Reader Arjun Modi writes:
"I'm a bit skeptical. Abramowitz says the Republican would need to capture a "large majority" of independents and make "significant inroads" among Democratic identifiers to win in November. However, polling data belies that claim."
"The latest Cook poll has a partisan breakdown similar to the Gallup poll Abramowitz cited: 50% identify with or lean toward the Democrats, 39% for the Republicans. McCain wins independents by 5 points, hardly a "large majority", and gets 12% of Democrats, hardly "significant inroads" since that's just a hair above the Democrat defection rate (10% or 11%) for the last four presidential elections. Despite those slim numbers, McCain loses the overall general election by only one point to Obama, 44-45. Just a tiny improvement among independents and McCain wins the White House, without a "large majority" or "significant inroads."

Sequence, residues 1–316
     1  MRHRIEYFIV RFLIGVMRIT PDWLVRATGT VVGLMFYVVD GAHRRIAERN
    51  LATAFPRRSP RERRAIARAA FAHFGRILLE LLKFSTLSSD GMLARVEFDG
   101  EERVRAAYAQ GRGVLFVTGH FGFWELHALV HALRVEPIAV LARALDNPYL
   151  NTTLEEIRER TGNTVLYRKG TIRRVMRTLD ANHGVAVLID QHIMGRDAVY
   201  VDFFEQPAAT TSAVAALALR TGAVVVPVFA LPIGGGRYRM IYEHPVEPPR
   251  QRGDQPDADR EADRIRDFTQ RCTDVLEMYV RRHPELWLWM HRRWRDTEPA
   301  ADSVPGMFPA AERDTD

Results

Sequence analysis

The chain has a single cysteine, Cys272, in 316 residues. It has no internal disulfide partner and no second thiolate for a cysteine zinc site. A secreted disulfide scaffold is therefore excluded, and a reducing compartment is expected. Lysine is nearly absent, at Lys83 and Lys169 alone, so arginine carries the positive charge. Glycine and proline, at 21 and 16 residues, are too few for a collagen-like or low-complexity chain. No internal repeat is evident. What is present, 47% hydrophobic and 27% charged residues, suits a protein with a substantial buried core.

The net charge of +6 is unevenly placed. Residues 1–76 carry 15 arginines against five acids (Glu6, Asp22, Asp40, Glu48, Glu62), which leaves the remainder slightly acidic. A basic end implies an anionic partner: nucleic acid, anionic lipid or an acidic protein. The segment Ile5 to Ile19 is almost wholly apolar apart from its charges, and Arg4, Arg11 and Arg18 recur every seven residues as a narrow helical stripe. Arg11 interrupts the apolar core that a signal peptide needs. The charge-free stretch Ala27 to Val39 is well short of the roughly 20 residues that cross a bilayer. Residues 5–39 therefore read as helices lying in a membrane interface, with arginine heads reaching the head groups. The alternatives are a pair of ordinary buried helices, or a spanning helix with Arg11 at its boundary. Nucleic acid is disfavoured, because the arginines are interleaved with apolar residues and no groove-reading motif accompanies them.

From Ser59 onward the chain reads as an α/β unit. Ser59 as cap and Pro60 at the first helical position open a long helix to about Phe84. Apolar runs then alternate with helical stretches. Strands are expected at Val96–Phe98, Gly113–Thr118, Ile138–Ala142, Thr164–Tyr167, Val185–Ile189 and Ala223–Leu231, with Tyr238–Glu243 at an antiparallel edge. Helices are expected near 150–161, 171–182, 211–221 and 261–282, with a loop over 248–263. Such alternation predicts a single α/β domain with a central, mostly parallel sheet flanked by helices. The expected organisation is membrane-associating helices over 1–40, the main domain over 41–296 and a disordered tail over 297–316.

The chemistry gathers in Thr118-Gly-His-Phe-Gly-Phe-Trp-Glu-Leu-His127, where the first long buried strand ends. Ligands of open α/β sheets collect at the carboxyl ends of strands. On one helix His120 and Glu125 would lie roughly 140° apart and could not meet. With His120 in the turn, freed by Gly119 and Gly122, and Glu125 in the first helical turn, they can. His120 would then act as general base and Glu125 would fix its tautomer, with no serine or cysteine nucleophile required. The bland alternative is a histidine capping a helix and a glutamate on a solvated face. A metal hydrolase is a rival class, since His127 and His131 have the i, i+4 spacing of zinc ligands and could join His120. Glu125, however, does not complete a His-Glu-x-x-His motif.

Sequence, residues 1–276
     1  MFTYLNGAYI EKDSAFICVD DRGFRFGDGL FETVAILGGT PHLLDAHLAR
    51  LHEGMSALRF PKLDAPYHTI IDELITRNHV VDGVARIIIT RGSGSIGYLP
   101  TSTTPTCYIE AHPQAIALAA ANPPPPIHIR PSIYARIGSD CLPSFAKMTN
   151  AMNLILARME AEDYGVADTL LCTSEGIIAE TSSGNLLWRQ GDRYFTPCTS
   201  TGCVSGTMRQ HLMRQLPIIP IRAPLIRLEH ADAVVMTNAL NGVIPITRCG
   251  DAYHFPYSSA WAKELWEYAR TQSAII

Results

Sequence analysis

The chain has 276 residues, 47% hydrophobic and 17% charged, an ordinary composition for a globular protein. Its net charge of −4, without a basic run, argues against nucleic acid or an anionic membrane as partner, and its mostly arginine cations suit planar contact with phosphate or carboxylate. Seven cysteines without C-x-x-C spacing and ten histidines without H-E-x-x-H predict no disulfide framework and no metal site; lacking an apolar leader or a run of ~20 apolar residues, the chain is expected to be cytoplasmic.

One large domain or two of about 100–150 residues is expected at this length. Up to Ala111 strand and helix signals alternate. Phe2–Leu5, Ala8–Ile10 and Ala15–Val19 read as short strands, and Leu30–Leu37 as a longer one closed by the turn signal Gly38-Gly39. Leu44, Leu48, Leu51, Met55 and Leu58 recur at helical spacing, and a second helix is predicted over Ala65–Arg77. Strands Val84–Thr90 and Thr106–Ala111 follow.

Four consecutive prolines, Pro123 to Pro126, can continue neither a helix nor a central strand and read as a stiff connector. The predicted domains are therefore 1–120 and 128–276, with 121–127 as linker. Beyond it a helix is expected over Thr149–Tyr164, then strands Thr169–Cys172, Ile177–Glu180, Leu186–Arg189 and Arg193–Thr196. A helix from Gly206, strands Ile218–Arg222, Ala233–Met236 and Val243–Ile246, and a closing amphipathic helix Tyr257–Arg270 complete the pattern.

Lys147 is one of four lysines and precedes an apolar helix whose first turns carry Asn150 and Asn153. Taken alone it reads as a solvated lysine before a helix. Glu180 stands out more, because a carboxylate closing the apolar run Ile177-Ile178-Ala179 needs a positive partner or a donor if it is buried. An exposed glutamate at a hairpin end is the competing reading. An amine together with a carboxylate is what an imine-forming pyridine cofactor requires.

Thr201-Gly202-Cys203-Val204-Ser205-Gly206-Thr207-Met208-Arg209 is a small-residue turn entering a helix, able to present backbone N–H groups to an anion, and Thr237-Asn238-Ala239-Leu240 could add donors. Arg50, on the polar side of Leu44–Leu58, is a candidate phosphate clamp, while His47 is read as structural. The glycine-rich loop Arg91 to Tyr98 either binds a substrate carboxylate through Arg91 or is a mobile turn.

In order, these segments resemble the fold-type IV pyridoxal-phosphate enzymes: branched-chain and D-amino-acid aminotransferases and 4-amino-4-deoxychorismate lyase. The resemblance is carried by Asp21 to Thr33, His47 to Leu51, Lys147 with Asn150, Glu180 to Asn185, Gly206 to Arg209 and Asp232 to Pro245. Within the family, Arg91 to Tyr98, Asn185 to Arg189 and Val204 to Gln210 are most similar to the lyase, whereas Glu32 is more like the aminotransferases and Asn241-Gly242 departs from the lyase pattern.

If McCain plays dead, in other words, then Abramowitz's theory is more valid. It's also worth noting that McCain regularly runs more than 10 points ahead of his party in generic ballot tests. Democrats believe that Republican misfortunes will act like gravity on those numbers and will bring him back to earth. McCain's advisers believe that McCain can reduce the effect of gravity and not be as weighed down by his party as other Republicans will undoubtedly be in the fall.